SINCE THE $2trn stimulus package was passed in March, America has temporarily had one of the world’s most generous unemployment-insurance (UI) systems. Some fear this comes at a steep price. With the unemployment rate still in double digits, are munificent state handouts stopping people from looking for new jobs or returning to old ones?
During the recession a decade ago, Robert Barro of Harvard University calculated that nearly a third of unemployment in 2010 was due to prolonged and more generous UI benefits. But if economists thought UI was generous then, they have seen nothing yet. Seven in ten of those on UI now receive benefits greater than their wages, studies suggest. One-fifth of those on benefits are receiving double what they previously made. If people can earn a dignified living from the state, why bother to seek work?
One reason is that for many Americans jobs are tied to health care and retirement programs. It makes no sense to turn down a job with potentially lifetime benefits to cash in a few more UI cheques. Many workers do not even have the option of doing so. Some states oblige employers to report employees who decline to return to work. Those workers’ benefits are stopped if the refusal to work is not due to health concerns.
So far there is little evidence to suggest that the extra $600 a week is slowing down the labour-market recovery. If bosses were struggling to fill positions, you might expect vacancies to be high. In fact the number of job vacancies in April was the lowest since 2014, at only 4.9m openings (though it has recovered somewhat since then). Homebase, a company that provides scheduling tools to businesses, tracks small hospitality and retail firms. Applicants per job doubled in early April, suggesting that laid-off workers were quick to look for something else.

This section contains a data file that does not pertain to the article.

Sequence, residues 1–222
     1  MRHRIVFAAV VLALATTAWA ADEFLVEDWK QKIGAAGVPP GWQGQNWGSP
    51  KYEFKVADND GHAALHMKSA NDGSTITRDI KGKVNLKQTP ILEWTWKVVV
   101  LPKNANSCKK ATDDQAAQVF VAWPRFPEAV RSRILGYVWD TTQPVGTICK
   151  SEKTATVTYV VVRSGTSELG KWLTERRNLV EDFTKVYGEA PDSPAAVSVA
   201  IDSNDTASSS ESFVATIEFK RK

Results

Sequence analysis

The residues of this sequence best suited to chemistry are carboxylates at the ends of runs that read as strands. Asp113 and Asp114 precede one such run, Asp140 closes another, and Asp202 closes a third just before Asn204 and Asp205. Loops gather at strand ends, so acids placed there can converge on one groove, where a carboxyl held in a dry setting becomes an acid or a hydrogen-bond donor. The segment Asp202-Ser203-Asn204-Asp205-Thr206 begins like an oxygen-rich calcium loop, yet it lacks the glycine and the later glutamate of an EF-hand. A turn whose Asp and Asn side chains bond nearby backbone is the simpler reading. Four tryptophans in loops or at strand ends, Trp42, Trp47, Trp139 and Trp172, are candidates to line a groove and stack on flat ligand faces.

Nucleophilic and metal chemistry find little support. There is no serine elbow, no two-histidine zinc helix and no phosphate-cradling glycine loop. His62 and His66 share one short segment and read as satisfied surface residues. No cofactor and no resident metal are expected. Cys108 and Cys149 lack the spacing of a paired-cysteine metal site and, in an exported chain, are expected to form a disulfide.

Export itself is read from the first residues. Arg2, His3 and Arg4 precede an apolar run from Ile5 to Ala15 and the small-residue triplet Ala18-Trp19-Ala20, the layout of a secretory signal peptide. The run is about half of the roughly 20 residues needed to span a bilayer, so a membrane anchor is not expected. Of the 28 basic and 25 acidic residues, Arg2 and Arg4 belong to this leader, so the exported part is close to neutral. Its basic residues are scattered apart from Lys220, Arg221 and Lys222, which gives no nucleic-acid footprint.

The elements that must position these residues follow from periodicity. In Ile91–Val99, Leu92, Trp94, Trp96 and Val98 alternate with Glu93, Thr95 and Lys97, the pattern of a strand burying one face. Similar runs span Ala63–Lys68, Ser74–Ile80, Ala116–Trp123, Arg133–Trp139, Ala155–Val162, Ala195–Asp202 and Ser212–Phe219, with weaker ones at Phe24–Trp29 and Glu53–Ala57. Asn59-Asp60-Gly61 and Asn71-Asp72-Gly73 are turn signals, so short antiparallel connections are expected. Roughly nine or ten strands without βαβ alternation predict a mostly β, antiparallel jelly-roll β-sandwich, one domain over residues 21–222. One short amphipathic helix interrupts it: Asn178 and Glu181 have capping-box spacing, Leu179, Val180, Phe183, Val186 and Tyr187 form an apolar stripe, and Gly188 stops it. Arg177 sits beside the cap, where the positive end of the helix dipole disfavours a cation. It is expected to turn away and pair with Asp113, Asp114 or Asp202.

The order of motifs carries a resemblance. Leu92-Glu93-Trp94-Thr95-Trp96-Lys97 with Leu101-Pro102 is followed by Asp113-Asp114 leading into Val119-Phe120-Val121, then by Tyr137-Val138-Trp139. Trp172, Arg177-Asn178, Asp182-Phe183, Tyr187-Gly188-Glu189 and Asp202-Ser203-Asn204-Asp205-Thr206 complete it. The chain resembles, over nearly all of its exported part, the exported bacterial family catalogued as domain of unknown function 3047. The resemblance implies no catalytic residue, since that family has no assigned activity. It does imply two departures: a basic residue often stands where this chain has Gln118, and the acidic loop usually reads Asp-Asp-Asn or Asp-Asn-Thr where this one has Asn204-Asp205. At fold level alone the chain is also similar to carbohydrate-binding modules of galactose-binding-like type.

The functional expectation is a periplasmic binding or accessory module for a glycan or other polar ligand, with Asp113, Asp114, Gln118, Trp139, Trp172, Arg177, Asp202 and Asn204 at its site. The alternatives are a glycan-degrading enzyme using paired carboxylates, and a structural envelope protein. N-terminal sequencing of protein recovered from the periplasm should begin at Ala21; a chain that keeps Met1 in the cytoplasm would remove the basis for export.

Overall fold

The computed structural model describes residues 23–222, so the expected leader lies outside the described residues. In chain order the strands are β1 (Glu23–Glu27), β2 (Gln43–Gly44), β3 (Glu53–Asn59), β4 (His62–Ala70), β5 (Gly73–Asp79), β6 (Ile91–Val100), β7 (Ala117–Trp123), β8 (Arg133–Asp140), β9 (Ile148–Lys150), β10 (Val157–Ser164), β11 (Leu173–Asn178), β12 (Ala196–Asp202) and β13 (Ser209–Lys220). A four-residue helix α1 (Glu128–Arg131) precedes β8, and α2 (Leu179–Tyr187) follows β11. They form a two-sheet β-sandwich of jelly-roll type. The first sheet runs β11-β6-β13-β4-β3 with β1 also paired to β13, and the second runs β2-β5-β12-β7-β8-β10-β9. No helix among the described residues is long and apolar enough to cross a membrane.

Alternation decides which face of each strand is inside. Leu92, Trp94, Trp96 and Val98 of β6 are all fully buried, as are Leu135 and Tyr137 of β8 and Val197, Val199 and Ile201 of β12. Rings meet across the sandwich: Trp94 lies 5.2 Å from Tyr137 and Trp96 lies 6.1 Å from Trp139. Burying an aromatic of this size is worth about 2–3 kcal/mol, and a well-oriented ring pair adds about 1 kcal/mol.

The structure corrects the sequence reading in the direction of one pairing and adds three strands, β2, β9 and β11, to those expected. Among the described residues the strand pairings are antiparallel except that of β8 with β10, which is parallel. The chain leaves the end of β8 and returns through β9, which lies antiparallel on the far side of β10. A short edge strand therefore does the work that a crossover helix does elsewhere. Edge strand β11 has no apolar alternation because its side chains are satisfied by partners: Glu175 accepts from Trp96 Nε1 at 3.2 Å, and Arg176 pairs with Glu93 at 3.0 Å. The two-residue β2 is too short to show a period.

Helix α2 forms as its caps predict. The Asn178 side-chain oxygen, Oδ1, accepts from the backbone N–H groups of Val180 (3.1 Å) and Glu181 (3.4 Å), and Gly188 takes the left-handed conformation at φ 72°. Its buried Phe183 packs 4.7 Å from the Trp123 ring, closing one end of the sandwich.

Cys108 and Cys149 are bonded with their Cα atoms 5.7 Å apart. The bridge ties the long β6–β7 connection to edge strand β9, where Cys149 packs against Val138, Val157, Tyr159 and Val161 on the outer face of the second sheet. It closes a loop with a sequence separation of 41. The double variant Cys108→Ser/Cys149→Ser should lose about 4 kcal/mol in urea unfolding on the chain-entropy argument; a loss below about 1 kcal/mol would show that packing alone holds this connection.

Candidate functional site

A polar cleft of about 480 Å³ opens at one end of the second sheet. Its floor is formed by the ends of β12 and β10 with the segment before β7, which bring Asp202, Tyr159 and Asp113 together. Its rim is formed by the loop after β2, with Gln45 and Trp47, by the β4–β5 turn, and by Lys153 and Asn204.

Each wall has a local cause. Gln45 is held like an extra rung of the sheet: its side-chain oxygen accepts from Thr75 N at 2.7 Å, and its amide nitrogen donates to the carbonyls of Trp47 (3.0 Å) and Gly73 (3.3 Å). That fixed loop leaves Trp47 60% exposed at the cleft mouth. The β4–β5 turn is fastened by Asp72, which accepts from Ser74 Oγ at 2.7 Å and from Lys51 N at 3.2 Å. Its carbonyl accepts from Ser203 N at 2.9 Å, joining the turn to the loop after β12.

Another signal that employers were struggling to fill positions would be soaring wages. Workers might hold bosses hostage with the threat of settling for benefits instead. Upon first inspection, this seems to be true. Average hourly earnings in the second quarter of 2020 increased by about 7% from a year ago, according to Goldman Sachs. However this is largely because low-paid workers have lost jobs in disproportionate numbers, dragging average wages upwards.
All of this implies that the main factor behind the high unemployment rate is lack of jobs, not an unwillingness to work. Economists normally fight like cats in a bag. But an astonishing 0% of those surveyed by researchers at the University of Chicago disagreed with the idea that “employment growth is currently constrained more by firms’ lack of interest in hiring than people’s willingness to work at prevailing wages.”
This article appeared in the United States section of the print edition under the headline “One-handed economics”